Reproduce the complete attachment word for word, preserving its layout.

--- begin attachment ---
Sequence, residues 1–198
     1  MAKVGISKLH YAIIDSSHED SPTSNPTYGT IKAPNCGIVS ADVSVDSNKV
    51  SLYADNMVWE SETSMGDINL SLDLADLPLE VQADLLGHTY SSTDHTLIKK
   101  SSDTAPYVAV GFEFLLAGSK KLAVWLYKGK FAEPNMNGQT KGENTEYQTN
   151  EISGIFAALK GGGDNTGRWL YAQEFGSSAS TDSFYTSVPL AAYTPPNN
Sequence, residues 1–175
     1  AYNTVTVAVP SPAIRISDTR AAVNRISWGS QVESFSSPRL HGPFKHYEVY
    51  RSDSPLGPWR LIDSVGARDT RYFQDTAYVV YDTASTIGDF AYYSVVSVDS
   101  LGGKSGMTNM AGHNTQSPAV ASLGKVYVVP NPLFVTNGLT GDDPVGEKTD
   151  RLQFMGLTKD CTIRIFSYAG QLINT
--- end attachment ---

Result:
Sequence, residues 1–198
     1  MAKVGISKLH YAIIDSSHED SPTSNPTYGT IKAPNCGIVS ADVSVDSNKV
    51  SLYADNMVWE SETSMGDINL SLDLADLPLE VQADLLGHTY SSTDHTLIKK
   101  SSDTAPYVAV GFEFLLAGSK KLAVWLYKGK FAEPNMNGQT KGENTEYQTN
   151  EISGIFAALK GGGDNTGRWL YAQEFGSSAS TDSFYTSVPL AAYTPPNN
Sequence, residues 1–175
     1  AYNTVTVAVP SPAIRISDTR AAVNRISWGS QVESFSSPRL HGPFKHYEVY
    51  RSDSPLGPWR LIDSVGARDT RYFQDTAYVV YDTASTIGDF AYYSVVSVDS
   101  LGGKSGMTNM AGHNTQSPAV ASLGKVYVVP NPLFVTNGLT GDDPVGEKTD
   151  RLQFMGLTKD CTIRIFSYAG QLINT